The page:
Bolting and fungi in a permaculture garden

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This morning, before the +40°C weather hit, I put out some more egg shells into the garden to discourage snails from chewing through the leaves, and sprayed the plants with the jalapeño infused water, to deter squirrels. Not five minutes after I have sprayed, a neighbour of the squirrel persuasion came to visit. It circled the garden perimeter on the fence, sniffing suspiciously, and decided the garden did not hold any bounty of interest. I’ll take it as a good sign.

Before spraying, I have poked at a few more radishes on top of Tower 4, and pulled out those that either looked ready or threatening to become inedible hard roots. There shall be a salad tonight.


It has been very hot for the past few days. We have spent quite a bit of that time at a beach or relaxing inside, and during that time, our cilantro appears to have bolted (which means the flowers are out and the plant is going to seed). Unfortunately, it grows best in cool, moist environments and does not like hot weather much. (Welcome to my garden of 10+ hours of hot burning sun every day, dear cilantro.) This is the exact same experience I have had last year. Shade did not prevent this rapid flowering. So, sadly, cilantro leaves are no longer flavourful, and the only thing to do is to let it go to seed. I think next time I shall plant it in the ground, as opposed to a tower, so that it can easily self sow.

One of the two dill plants has gone to flower as well. I have gathered up the stalks with the flowers to preserve for the pickling time. Dill will likely be another plant I would like to move outside the tower. Interesting thing I have learned, is that dill and fennel will cross-pollinate, creating less-than-optimal results for both plants. I shall keep that in mind if I am ever to introduce fennel into the equation. I will still plant dill and basil in close proximity with tomatoes, as they act as pesticides keeping tomato horn worms away.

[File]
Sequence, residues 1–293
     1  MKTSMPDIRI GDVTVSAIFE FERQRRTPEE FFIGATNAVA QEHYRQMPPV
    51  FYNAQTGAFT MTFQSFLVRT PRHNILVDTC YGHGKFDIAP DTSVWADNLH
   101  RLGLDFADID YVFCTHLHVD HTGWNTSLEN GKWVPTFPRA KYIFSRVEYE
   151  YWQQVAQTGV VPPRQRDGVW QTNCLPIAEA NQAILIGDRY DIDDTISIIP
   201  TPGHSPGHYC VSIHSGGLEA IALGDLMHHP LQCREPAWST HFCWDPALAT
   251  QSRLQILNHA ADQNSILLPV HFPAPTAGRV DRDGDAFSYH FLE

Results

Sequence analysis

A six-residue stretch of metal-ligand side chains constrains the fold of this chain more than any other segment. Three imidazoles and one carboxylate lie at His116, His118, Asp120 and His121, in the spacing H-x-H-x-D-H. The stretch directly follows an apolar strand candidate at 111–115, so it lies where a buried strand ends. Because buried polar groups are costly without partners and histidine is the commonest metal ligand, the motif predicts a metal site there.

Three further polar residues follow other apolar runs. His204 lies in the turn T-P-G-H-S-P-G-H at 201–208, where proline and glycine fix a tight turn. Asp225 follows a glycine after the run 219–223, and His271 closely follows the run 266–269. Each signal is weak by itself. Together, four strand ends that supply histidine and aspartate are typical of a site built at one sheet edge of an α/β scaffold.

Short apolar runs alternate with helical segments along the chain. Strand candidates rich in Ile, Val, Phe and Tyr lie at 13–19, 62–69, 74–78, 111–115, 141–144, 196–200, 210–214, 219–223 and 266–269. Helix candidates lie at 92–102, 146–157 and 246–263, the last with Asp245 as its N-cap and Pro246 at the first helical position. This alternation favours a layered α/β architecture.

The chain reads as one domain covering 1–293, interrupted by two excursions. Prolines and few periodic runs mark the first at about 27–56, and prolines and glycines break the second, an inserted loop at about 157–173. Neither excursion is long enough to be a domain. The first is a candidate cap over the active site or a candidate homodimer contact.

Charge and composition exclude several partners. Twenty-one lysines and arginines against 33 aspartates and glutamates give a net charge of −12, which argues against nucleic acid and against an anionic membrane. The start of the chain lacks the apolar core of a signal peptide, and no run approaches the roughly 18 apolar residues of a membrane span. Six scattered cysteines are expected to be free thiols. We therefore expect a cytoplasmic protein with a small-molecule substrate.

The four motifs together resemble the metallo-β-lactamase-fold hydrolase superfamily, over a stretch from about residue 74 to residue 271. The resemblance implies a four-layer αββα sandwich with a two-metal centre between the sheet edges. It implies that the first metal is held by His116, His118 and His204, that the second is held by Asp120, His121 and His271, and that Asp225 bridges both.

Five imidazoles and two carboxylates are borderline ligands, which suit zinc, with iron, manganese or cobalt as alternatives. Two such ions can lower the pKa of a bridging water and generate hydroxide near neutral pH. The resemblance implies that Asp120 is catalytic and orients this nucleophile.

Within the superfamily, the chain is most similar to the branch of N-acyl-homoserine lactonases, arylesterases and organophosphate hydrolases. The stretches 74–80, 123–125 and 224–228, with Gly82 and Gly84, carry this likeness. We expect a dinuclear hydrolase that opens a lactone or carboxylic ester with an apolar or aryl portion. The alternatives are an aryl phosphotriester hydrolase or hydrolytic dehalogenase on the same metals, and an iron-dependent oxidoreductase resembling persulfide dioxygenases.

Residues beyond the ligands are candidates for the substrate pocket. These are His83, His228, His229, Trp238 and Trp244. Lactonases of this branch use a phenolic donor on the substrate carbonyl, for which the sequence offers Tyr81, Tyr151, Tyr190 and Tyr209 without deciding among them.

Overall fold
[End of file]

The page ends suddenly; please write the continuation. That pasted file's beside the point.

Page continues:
One of the grape vines worries me as well (not that it ever gives any fruit, it just grew in the garden without any encouragement on our part): it has light green spots on the leaves, and some leaves are curling and have dried-out regions. After a bit of investigation, I think the vine has been chosen as home by downy mildew. Most sites do not list natural ways to deal with it: controlling it includes selection of the spot to plant the vine and picking a resistant genetic variant (since it just sprouted on its own, no input had been possible on our end) or applying pre-infection fungicides (which we have not done) or, less effectively, post-infection fungicides. As we do not want to spray anything toxic, I welcome alternative suggestions on how to approach this.

It looks like very hot days this week, with thunderstorms promised tomorrow (truly an Ottawa Canada day: go outside for a certainty to get burned and a chance to get struck by lightning), so I shall leave the harvest of greens until the plants can drink in the sunlight and the rain.

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